- Check your parent’s clothes and footwear. Get comfortable shoes, no-slip socks and any assistive devices as needed, such as a walker.
- Prevent nighttime falls by placing essentials such as tissues or water on the nightstand, so your parent doesn’t have to get up unnecessarily.
Devices to detect falls
Monitoring your parent from afar is easier than ever with today’s latest devices. You might consider getting a fall detector for your loved one, such as a pendant, watch, shoe or another emergency response system.
Basically, these products make it possible to detect a fall through motion sensors. For example, a smart watch will detect a potential fall and send an alarm to the emergency contact, so you can check on your parent and call emergency services as needed.
Other systems involve a pendant with a button that your parent can press for help after a fall. You should ask your parent’s doctor for advice about which fall prevention device may be right for your loved one.
In addition, at a senior living community, fall prevention and detection typically includes an emergency response system in the apartment, plus daily wellness checks and health coordination as needed.
Consider if It’s Time for Senior Living
In a community, your parent will be surrounded by senior-friendly spaces that are specifically designed for easy navigation and include safety features, such as grab bars and no-slip surfaces.
Senior living communities also offer a wide range of wellness amenities and nutritious meals, so that your parent can maximize their overall well-being.
In addition, assisted living services offer daily support for self-care tasks such as showering and dressing, so your parent receives the help they need. This type of assistance can greatly reduce fall risk, as an aide is available to support your parent during moments of risk, such as getting in and out of bed, using the bathroom, etc.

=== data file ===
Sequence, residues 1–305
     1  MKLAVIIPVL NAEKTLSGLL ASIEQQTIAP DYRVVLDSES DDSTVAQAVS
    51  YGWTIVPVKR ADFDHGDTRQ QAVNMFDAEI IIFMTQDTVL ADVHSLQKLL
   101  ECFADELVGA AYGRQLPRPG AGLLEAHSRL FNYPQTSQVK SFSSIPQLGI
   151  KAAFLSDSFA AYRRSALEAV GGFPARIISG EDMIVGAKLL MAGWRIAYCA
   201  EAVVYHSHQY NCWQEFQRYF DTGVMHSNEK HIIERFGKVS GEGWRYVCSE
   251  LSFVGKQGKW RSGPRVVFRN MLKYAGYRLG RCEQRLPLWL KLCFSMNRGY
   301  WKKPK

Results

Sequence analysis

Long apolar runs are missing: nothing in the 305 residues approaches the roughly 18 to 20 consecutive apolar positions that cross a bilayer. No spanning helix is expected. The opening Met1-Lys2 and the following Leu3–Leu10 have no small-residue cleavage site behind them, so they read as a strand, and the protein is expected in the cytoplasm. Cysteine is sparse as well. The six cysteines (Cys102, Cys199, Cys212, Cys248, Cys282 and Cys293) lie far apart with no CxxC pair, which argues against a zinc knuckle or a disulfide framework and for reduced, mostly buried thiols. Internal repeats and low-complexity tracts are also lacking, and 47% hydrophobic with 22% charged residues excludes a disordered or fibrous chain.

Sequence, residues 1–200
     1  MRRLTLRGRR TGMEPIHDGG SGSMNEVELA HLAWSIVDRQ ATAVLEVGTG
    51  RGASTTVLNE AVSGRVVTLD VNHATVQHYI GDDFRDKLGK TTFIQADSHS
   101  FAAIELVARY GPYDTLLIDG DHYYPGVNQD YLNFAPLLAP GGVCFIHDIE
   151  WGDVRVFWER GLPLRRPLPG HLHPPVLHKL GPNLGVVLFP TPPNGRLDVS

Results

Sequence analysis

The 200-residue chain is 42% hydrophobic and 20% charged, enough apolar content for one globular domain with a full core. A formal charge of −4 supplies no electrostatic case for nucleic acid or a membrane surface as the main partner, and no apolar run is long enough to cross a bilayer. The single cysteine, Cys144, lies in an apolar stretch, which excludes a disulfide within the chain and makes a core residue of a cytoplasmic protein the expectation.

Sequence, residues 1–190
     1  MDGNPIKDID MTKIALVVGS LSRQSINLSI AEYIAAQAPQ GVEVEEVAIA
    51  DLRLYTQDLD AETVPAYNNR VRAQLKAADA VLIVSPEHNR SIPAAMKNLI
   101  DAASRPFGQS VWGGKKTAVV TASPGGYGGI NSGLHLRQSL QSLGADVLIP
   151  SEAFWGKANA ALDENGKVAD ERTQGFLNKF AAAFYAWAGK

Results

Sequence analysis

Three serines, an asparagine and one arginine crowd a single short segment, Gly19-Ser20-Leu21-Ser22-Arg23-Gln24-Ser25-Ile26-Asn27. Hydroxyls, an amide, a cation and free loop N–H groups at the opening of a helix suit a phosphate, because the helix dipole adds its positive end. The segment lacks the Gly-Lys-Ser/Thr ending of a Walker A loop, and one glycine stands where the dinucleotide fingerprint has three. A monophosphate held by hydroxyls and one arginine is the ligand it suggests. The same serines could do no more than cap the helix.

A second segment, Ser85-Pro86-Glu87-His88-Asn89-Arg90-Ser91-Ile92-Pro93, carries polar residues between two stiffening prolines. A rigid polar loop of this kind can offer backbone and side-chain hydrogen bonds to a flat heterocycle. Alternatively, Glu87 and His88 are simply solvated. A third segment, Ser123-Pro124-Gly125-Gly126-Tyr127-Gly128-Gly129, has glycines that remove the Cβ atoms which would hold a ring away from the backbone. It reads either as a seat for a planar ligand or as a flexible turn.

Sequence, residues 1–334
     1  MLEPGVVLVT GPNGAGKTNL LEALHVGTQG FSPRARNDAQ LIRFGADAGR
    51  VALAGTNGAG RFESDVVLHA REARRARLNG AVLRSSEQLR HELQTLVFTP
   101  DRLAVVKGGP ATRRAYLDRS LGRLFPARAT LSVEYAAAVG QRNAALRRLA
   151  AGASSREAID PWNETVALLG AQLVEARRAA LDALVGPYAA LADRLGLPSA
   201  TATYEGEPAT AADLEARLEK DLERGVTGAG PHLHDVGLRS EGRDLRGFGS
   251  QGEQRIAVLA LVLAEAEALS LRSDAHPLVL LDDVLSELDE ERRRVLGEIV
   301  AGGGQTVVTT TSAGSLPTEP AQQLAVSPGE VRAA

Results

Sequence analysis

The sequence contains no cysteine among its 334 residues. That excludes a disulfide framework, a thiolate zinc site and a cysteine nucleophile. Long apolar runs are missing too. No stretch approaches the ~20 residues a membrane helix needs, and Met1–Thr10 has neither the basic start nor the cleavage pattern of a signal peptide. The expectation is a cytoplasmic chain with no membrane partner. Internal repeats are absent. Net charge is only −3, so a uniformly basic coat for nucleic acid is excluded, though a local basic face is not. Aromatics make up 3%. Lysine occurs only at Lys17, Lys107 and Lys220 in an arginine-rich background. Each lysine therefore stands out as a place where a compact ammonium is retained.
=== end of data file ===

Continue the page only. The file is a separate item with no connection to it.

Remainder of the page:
For even greater support, memory care offers specialized dementia care that not only includes assisted living tasks, but also specific activities and spaces for older adults with memory loss. This is ideal for individuals with mid-to-late dementia who could benefit from 24/7 support and activities to keep them engaged physically, intellectually, socially and spiritually.
As your parent’s advocate, you can help prevent falls by being proactive about their risks. Ideally, you and your parent’s doctor can create a personalized fall prevention plan, according to your parent’s medical conditions and potential in-home triggers.
Remember that moving to a senior living community is a great option when your elderly parent keeps falling. Here the community staff and spaces can help prevent falls and maximize your loved one’s overall well-being through services such as:
- Fall-proof spaces
- Assistance with daily care tasks
- Enhanced wellness programs
- Overall health coordination
- Medication management
- Nutritious meals
- …and more!
If you want to learn more about how a senior living community can help your elderly parent who falls, get in touch with our knowledgeable and dedicated team at Varenita.